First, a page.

America's four largest TV networks - CBS, ABC, NBC and Fox - have joined forces with the Hearst-Argyle Television group in a legal challenge to the 'indecency' fines levied in recent months by the Federal Communications Commission - currently aglow with moral rectitude under its new presidentially-appointed chairman Kevin J Martin.

Each of the 'Big Four' has been hit by swingeing fines for allegedly offending the decencies of the US public, after a spate of complaints from rightist and religious groups about programs with coarse language and explicit themes. The pressure was also piled on by a moral majority in the Senate and House of Representatives.

Late last week, the networks filed lawsuits in federal appeals courts in Washington and New York to challenge the FCC's rulings. In defense they plead the First Amendment, hoping to find a solid majority of liberal and libertarian judges more sympathetic to such constitutional arguments than the denizens of Congress and the FCC.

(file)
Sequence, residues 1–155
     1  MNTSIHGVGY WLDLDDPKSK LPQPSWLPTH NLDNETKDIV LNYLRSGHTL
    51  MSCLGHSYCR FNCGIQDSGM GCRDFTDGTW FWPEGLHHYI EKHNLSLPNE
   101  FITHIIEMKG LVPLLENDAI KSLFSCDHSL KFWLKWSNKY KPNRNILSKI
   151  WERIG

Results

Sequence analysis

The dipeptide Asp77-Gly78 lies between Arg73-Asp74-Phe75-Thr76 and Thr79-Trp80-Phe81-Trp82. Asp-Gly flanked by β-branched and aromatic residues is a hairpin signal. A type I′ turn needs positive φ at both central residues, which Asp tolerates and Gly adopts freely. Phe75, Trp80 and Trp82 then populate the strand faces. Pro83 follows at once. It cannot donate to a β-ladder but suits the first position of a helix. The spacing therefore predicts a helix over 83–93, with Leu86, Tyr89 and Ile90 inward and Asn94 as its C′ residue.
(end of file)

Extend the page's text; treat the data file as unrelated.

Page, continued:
The plaintiffs argue that "the FCC overstepped its authority in an attempt to regulate content protected by the First Amendment, acted arbitrarily and failed to provide broadcasters with a clear and consistent standard for determining what content the government intends to penalize."

The networks are hoping to find a solid majority, going if necessary all the way to the Supreme Court, of liberal and libertarian judges who are more sympathetic than the politicos to their First Amendment arguments.

That tactic, however, cuts little ice with L Brent Bozell III, president of The Parents Television Council, a lobbyist for more draconian penalties for the transmission of "obscene" programs,

"The broadcast networks are spitting in the faces of millions of Americans by saying they should be allowed to air the f-word and s-word on television," splutters Bozell. "This suggestion by the networks is utterly shameless."

Data sourced from New York Times; additional content by WARC staff